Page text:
Tips & tricks when moving to Hugo

Author: Colin Gillespie

Published: March 29, 2021

Over Christmas we moved our main site from Wordpress to Hugo & Netlify. The main benefits for us moving to Hugo were

  • Security. We were always getting emails about various Wordpress plugins. As our site was essentially static, this was an additional maintenance task.
  • Site-speed. Although Wordpress has lots of clever plugins for optimising site-speed (which then leads to the situation above); Wordpress is just “big”.
  • Raw cost. By this I mean web-site fees. This wasn’t actually a driver for us. The Hugo site is certainly cheaper and we save ~£1,000 per year. But for a commercial site, this cost is dwarfed by the next point.
  • Time: Everything took longer with Wordpress. Our training courses are all located in GitLab. So updating our Wordpress site would involve copying and pasting. This either took a significant amount of time or simply wasn’t done. Either situation wasn’t great.
  • More time: As we didn’t use Wordpress on a day-to-day basis, there was also an overhead of trying to remember what to do.

It’s worth pointing out, that Hugo isn’t always better than Wordpress. In fact, we are currently setting up a small Wordpress site to handle payment for a neat Shiny application we’re working on with a client. It’s all about using the best tools for each job.

Overall, the move has has certainly been worthwhile, and my only regret is not doing it earlier. In saying that, there have been issues. So if you plan on moving, hopefully the following will help.

Pay for Netlify Analytics

If you use Netlify, they offer their own analytics service for $9 per month. Initially, I couldn’t figure why you would use this over (say), Google. However, the Netlify analytics doesn’t track users, it tells you about hits to your site. More importantly, it tells you about pages returning 404s, i.e. broken links. Even though we spent a long time ensuring we had redirects in place before switching on Hugo, there were still dozens of 404s appearing. These links are nicely highlighted via Hugo Analytics. Sometimes the broken links are when you’ve deleted a page, other times you’ve made a typo in an internal link. Either way, fix them.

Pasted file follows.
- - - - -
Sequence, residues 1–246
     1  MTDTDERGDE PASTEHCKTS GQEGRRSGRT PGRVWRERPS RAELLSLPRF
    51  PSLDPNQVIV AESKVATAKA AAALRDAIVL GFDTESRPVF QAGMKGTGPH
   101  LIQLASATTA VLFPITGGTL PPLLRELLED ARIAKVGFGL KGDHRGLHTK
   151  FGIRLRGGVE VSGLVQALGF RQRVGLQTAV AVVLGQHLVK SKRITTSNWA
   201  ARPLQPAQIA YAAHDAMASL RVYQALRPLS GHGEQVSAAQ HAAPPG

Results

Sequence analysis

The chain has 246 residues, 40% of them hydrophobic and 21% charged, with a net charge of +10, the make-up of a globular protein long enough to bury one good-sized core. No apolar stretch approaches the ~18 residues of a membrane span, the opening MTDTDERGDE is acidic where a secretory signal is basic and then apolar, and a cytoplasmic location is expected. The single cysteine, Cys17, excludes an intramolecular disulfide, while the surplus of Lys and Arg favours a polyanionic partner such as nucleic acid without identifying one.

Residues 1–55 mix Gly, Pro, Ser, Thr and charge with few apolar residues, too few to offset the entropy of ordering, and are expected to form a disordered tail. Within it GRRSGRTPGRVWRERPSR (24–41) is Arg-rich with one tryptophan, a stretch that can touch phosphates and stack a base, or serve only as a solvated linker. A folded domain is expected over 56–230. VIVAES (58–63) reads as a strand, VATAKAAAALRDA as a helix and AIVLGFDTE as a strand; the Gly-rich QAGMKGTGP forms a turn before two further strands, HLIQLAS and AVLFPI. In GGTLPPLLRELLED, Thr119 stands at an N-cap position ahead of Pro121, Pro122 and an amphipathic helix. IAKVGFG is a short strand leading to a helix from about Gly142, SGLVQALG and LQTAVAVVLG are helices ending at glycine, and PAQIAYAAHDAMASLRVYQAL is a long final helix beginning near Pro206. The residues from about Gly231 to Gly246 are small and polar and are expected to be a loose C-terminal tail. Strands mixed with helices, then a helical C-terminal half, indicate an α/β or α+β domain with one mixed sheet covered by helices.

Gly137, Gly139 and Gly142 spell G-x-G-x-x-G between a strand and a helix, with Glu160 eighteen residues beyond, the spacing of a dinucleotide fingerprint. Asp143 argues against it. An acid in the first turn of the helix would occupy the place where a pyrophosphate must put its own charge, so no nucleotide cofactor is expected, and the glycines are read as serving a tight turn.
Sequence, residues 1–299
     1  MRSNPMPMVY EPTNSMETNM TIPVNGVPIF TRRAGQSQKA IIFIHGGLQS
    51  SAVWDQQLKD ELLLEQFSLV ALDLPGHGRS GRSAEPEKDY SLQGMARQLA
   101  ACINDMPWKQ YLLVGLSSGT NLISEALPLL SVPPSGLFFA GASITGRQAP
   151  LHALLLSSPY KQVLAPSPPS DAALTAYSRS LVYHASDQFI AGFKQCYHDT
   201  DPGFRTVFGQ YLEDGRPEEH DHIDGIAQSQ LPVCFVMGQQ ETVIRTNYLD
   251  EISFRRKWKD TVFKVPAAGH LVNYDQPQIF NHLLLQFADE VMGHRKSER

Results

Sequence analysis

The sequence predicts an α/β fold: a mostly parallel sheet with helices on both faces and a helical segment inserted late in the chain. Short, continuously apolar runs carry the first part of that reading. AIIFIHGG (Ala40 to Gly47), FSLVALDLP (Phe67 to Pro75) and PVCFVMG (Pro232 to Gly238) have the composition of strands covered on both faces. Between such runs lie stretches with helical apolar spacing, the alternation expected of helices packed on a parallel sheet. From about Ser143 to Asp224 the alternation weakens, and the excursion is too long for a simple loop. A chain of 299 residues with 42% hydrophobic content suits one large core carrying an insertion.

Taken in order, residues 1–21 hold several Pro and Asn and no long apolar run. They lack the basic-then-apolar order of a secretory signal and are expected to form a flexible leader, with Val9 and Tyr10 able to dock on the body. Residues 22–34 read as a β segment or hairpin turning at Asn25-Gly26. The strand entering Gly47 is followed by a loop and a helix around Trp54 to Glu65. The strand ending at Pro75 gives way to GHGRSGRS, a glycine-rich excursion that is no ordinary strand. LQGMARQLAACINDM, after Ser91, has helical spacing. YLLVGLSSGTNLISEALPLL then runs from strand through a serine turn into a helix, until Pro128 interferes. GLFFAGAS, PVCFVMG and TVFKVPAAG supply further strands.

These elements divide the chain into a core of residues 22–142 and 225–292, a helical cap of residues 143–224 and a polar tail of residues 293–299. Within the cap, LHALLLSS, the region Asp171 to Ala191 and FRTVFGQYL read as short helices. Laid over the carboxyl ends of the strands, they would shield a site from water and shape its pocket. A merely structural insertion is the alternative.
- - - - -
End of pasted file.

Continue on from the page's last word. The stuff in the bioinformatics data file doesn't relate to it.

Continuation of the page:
However, you’re never going to get the number of “broken links” to zero, as you will have a low level of bot noise. Our current analytics show a list of missing Wordpress files that bots have probed for

Netlify analytics for

Do you use RStudio Pro? If so, checkout out our managed RStudio services

Optimise your Assets

Netlify lets you easily optimise your web assets. Under Build and Deploy, you can select which assets to optimise.

Optimise your assets

Minifying is the process where you minimise your CSS and JS files by removing all comments, spaces, simplify variable names, etc. For example, this it the Jumping Rivers minified CSS. Clearly, we don’t write CSS in this way. But it’s been automatically optimised for web-delivery.

We implemented lossless compression for images and pretty URLs. The latter tweaks URLS to avoid redirects. For example, would redirect to, so Netlify adds the / to the links.

There are lots of other plugins available for optimising site-speed. However, we have not tried them, as our site is fast enough and this is a commercial site. We want to minimise the risk of things going wrong.

Use Google Site Speed

If you are moving to Hugo from an existing site, then it’s worth getting a before and after via Google site speed. This step is nice, because it let’s you see that all your hard work hasn’t been in vain! Be warned, it’s easy to obsess about shaving off micro-seconds from your page loading times. Resist this temptation!

Google site speed for

Check your RSS Feed

When we initially moved our site our blog posts weren’t picked up by R-bloggers. With the help of Tal Galili, we discovered a few issues with our feed; the ultimate problem was at R-bloggers, but the other issues didn’t help.

To debug our RSS feed, we used

for quick tests.

Creating blog posts using Rmarkdown

The majority of our blog posts have an R flavour and are created using Rmarkdown and {knitr}. Obviously loving all things R, we decided to create a simple R package to make this process easier. Our R package (which will never be on CRAN), provides solutions to a few common issues.

The package gives a consistent set of {knitr} options and hooks. For our blog post, we now set the functions hugostyle::set_knitr_chunk_options() and hugostyle::set_knitr_hooks() at the top of our Rmd file. For a summary of options, see our last blog post.

This package also provides an alternative output style. Instead of using html_standard within our YAML header, we use hugostyle::hugo_md. This variation in markdown has a small tweak to enforce the use of fig.alt tag on our {knitr} images - in the past this is something we often forgot to add. The template also adds absolute links to our {knitr} images (see next section).

One of the issues we discovered with our RSS feed, (an issue prevalent on most blogs) is that simple RSS readers don’t understand relative links to images, e.g. /page/image.png vs This can be solved using a shortcodes. A shortcode allows us to in insert code during the Hugo build sage. In our case, we created a file layouts/shortcodes/url.html that contained the value {{ .Page.Permalink }}. In our modified markdown template, we automatically append all relative URLs with {{< url >}}. This means that when we render locally, the URL is localhost:1313, when we render on Netlify, it’s


If you are interested in moving to Hugo, then these posts are also worth reading

Jumping Rivers Logo